Drop D tuning

Discussion in 'Technique [BG]' started by Trist6075, Mar 20, 2002.

  1. Trist6075

    Trist6075 Guest

    Mar 6, 2001
    Could someone tell me how to do that? DO u tune the E string to a D and leave the other 3 strings as is? Also what are the circumstances for a Drop D tuning in a song. Thanks.
  2. MatW


    May 10, 2000
    UK, Swindon
    In my experience only the 'E' is dropped to a 'D', the other strings stay as they are. I guess you might want to do this if you play a 4 stringer and your bass line really, really needs a low 'Db' or 'D'. I have done this before but I would try my best to work around it. It's too much hassle retuning, although 'D-Tuners' make this a no brainer.
  3. Yea man, Drop D means tune the E to D and leave the rest the same - usually the guitarists tune down the same way.

    My band plays in Drop A - I play a 5 string and my guitarists play 7 strings, so we drop the B's down to A - exactly the same kind of thing.

    The circumstances? Well, it sounds heavy as **** :p

    Hope that helps

  4. Mellem


    Feb 1, 2002
    Greenville, MI
    Our band plays in Drop D in a few of our songs, and I think that it adds a darker quality to the song, because everything on the higher D string sounds so damn bright.
  5. bassandlax


    Dec 31, 2001
    Raleigh, NC
    the only reason i would ever drop d is if my guitarist was playing in dropped-d and the song required the low d. i would only drop it though if the song needed the low d and a d an ovtave higher wouldnt suffice...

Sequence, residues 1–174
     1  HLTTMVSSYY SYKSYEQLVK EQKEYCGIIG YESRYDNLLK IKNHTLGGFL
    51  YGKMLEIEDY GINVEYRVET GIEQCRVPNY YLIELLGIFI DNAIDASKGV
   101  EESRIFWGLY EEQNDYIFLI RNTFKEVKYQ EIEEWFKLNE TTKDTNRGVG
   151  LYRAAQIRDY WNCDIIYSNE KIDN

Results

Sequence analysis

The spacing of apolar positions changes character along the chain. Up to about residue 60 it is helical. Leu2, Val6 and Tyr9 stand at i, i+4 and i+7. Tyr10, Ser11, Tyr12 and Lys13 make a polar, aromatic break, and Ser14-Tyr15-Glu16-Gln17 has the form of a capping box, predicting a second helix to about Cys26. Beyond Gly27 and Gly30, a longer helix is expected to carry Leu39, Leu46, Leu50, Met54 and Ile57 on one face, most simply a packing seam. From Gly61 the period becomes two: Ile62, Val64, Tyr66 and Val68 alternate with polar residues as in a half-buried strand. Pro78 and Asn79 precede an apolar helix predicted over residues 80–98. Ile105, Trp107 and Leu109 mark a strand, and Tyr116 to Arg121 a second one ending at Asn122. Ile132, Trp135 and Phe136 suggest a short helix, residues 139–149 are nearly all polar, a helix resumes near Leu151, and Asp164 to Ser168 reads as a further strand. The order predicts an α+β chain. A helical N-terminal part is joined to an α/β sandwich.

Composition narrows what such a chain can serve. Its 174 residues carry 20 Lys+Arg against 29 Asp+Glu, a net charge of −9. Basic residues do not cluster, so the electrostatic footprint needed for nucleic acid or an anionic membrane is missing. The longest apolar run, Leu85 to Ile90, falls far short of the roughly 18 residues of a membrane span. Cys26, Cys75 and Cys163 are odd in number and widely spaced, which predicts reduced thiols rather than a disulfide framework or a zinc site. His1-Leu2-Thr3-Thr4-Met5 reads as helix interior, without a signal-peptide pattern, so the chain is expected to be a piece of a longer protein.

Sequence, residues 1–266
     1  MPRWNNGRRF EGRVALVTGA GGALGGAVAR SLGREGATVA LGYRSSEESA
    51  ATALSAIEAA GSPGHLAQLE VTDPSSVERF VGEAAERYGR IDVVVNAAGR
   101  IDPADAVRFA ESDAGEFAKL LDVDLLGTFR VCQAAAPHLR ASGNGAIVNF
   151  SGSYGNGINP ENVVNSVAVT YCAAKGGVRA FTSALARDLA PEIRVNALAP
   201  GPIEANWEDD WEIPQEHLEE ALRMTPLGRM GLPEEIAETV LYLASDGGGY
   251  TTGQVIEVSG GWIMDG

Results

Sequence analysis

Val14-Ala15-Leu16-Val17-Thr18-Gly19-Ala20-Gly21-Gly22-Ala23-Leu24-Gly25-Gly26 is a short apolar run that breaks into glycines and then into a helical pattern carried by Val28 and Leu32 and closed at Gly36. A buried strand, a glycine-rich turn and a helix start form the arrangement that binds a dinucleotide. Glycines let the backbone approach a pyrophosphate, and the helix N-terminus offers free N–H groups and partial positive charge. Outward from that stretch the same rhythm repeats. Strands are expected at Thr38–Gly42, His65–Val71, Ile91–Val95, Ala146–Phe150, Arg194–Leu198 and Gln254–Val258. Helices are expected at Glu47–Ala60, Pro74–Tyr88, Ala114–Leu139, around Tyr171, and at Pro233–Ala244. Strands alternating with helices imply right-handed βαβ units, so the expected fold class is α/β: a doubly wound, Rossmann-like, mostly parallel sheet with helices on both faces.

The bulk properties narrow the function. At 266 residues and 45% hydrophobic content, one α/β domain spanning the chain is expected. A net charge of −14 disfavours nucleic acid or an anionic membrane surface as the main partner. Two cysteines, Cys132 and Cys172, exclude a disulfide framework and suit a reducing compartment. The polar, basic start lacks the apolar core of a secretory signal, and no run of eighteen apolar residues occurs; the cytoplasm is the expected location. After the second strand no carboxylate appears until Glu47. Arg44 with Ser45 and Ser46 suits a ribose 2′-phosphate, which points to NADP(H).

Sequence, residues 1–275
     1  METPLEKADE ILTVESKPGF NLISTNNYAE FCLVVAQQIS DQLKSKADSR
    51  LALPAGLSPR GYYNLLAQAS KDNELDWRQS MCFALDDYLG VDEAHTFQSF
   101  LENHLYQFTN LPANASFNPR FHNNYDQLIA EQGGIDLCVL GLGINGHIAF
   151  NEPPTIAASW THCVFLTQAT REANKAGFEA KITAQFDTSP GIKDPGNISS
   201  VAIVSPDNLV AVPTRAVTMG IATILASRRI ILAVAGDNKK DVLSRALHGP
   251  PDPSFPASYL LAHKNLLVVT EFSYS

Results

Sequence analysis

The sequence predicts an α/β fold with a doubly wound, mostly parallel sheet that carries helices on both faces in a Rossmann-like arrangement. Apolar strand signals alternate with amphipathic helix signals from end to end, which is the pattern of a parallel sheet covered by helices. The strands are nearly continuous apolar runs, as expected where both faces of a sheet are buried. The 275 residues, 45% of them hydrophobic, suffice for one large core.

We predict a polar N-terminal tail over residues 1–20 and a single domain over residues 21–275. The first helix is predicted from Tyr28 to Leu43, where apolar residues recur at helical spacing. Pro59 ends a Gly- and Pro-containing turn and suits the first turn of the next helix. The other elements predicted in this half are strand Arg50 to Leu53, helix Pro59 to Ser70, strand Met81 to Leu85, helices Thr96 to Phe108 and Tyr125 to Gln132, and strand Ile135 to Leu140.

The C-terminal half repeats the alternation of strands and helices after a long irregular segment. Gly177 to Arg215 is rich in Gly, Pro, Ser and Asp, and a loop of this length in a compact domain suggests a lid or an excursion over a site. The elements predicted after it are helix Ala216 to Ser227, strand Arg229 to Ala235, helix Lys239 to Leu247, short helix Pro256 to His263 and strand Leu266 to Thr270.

but yes, tune the 7th fret on the 4th string to the open 3rd... aka... E -> D

  6. cassanova


    Sep 4, 2000
    Yes just tune the E string down to D and leave the others as is.

    There is no set circumstances regarding when you use it. You can use it whenever you feel like it. If you think the higher D isnt quite enough, then you can drop tune to give the tune more bottom. IMO the lower registers also help to propel the groove a bit better than the higher ones do. Although this is just personal preference. Play around with drop tuning and find out when and where it works best for you.
  7. geshel


    Oct 2, 2001
    I use it quite a bit. It doesn't take long at all. To drop down, just pluck an open D (second string), then 12th fret harmonic on the E, and zoom it on down. It might take one more pluck to do the fine tuning. To go back up, I just use the 5th/7th fret harmonics on the 3rd and 4th strings. Either one takes me all of about 5 seconds.

    If the tuners are good and the nut smooth, you shouldn't have any problems with the stability of the tuning doing this.
  8. My band uses tunings that are exclusively in the drop-D voice. To complicate matters, our lead guitarist tunes to drop-D all the time, and our rhythm guitarist switches between a drop-D guitar and a 7-string tuned a full step down. I tune my 5-string a full step down and just transpose my patterns. We're a hard rock band with a modern sound, so they prefer the heavier "lowness." lol.

    Apart from a heavier sound, the most obvious reason for tuning drop-D is to learn cover songs in which that tuning is used. For guitarists there's an added advantage in that they can play power chords with one finger and move them around rapidly. A note of caution here... if you're going to tune your bass differently than standard tuning you may need to have a setup job done to adjust your intonation (if the bass is in tune at the nut but out of tune further up the fretboard), although this is often more of an issue for guitarists than bassists.
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